Whole-mount RNA in situ hybridization of zebrafish and Xenopus embryos was performed, as previously described [17, 55]. Briefly, fixed embryos were permeabilized with 10 μg/ml of Proteinase K and, after 5 h of preincubation with Hybridization Mix (50% Formamide, 5X SSC, 0.01% Tween-20, 50 μg/ml of heparin, 500 μg/ml of t-RNA), they were incubated with 100 ng/μl of the antisense probe at 65 °C. The second day, embryos were extensively washed and incubated in a Blocking Solution (2% sheep serum, 2 mg/ml of BSA in PBS/0.1% Tween-20) for 2 h, followed by the addition of the Anti-Digoxigenin antibody (Anti-Digoxigenin-AP Fab fragment, Roche), diluted 1:3000. The embryos were washed several times in PBTw, followed by the incubation with the Staining Solution containing NBT/BCIP (Roche). Stained embryos were sectioned and mounted in 80% glycerol, and images were acquired with a Carl Zeiss Axio microscope.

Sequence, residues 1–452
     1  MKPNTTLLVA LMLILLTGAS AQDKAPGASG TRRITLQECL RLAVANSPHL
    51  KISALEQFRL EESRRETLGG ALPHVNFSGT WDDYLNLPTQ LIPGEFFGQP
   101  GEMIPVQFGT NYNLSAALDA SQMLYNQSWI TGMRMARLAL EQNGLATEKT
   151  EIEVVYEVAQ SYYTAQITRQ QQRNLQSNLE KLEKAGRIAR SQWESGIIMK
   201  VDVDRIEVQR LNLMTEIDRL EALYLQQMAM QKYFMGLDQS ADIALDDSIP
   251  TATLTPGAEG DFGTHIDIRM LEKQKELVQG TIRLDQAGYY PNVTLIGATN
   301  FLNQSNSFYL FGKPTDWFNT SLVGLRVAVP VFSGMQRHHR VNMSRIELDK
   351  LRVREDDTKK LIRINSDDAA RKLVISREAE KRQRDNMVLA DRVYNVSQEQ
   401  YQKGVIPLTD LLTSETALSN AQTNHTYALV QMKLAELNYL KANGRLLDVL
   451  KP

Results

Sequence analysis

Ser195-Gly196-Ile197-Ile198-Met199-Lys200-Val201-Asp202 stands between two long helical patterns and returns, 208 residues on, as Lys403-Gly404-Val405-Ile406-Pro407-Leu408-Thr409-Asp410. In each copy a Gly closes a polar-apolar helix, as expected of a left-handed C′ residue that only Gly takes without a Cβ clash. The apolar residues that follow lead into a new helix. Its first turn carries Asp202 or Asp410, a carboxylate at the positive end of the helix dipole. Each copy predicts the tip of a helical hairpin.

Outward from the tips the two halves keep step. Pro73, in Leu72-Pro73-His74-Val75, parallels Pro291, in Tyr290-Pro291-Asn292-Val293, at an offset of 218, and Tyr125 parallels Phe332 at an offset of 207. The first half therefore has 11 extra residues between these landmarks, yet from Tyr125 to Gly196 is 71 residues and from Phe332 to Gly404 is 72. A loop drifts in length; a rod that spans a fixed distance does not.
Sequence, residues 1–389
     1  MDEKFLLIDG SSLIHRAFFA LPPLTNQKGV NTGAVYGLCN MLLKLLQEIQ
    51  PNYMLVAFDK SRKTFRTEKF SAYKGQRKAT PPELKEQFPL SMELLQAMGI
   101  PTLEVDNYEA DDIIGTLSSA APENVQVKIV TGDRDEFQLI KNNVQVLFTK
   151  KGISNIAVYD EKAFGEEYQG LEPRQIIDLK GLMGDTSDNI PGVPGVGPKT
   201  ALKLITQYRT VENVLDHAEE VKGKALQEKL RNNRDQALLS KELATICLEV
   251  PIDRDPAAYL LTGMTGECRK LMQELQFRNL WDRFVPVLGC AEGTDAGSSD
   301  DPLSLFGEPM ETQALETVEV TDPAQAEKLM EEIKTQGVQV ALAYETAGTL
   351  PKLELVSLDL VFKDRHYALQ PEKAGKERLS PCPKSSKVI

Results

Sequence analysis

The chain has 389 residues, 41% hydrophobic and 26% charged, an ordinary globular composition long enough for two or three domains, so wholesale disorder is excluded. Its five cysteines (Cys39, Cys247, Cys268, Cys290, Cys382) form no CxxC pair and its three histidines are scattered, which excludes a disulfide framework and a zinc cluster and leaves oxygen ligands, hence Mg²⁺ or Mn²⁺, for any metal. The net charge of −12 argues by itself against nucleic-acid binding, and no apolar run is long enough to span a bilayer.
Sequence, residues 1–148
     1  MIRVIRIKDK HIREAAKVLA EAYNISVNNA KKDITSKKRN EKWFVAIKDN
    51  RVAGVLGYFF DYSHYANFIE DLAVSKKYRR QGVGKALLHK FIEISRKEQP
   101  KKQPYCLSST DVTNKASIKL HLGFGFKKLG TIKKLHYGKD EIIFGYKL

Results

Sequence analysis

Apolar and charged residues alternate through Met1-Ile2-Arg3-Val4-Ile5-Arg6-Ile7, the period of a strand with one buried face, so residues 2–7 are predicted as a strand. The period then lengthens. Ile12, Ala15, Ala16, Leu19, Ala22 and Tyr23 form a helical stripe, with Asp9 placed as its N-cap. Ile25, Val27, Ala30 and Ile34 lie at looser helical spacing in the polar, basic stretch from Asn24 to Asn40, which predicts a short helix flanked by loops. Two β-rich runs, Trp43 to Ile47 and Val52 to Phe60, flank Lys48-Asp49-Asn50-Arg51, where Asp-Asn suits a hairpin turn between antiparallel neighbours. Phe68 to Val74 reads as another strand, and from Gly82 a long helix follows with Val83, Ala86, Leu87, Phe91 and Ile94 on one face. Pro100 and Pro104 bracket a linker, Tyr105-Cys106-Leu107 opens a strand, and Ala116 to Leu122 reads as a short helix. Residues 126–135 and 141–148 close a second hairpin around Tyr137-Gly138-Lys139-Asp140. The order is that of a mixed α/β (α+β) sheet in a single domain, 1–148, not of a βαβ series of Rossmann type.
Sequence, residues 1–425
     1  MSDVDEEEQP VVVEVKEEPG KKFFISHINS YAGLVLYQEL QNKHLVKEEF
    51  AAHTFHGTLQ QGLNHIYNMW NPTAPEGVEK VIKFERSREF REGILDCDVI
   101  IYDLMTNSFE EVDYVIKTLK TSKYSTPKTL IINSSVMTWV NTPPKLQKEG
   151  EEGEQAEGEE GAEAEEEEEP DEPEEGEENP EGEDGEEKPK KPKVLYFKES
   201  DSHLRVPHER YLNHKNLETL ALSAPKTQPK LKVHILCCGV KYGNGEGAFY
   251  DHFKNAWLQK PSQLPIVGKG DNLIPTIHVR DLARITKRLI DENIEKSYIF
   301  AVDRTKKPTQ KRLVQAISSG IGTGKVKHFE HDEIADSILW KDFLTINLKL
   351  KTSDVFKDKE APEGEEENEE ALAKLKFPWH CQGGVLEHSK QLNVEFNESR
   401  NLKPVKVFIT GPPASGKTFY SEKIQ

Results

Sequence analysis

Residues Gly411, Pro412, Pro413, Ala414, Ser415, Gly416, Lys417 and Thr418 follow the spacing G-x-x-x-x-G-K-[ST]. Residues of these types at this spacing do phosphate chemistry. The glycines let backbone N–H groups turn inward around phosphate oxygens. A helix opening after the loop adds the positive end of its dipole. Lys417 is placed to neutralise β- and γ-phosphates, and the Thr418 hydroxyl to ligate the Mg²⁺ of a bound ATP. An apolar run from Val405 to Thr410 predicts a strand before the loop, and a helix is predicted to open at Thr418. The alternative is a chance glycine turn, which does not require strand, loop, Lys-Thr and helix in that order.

Immunofluorescence of whole zebrafish embryos was performed essentially as described . Fixed embryos were permeabilized in cold acetone for 7 min at −20 °C, followed by three washes in PBTx (1% Triton X-100 in 1× PBS) for 5 min at RT in agitation. The embryos were blocked in 3% goat serum diluted in PBTx for 1 h in agitation, and primary antibodies were then added overnight at 4 °C. The embryos were washed three times in PBTx for 10 min and incubated with secondary antibodies in 5% goat serum/PBTx in the dark for 3 h. Lastly, the embryos were washed two times in PBTx for 10 min and transferred in low melting 1.5% agarose (Sigma-Aldrich) and mounted in slides, and images were acquired with a Carl Zeiss Axio microscope and a Leica TCS-SP5-II confocal microscope. Primary and secondary antibodies are listed in Supplementary Table S1.